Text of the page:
The hills come alive with art

A passing driver might not notice, but seen from above, this hillside in Belfort, France, seems to spring to life with this painting of a little girl.

Swiss artist Saype is known for spraying paint over wheat fields, hills and mountainsides to create realistic-looking portraits measuring several thousand sq m.

This particular work was created for this year's Les Eurockeennes, one of France's biggest music festivals, which takes place from Thursday to Sunday.

Saype's largest artwork - that of an old man smoking a pipe - was swathed across an area of 10,000 sq m between Lake Geneva and the Alps in 2016.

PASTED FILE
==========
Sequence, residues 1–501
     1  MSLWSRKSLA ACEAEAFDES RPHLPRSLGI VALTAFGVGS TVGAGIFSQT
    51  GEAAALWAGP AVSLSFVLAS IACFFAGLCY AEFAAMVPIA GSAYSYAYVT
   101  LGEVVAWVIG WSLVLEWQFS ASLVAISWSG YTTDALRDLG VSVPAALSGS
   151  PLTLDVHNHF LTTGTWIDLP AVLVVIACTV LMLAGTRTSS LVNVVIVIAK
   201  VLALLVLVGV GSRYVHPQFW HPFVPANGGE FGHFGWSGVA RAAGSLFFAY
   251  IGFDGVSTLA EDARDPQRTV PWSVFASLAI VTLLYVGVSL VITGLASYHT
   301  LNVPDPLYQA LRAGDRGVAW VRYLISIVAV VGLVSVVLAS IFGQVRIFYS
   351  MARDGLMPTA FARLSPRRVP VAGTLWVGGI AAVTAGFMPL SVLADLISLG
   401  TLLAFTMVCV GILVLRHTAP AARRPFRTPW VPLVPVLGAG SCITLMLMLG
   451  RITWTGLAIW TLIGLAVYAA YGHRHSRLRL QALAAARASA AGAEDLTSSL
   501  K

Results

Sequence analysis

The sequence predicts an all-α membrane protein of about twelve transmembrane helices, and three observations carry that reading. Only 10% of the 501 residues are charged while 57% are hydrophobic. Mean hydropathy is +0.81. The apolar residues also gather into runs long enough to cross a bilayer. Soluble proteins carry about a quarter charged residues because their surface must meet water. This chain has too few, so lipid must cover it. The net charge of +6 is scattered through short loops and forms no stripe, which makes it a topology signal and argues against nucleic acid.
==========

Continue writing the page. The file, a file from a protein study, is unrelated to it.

The artist, whose real name is Guillaume Legros, is a pioneer in the field of painting on grass. He is part of a contemporary art movement called LandArt, where artists use the framework and materials of nature in their work.

Sadly, his gigantic murals are as transient as the elements to which they are exposed to. His biodegradable paint - a base of linseed oil, water and flour, mixed with natural pigments - lasts only a month.

A version of this article appeared in the print edition of The Straits Times on July 03, 2018, with the headline 'The hills come alive with art'. Print Edition | Subscribe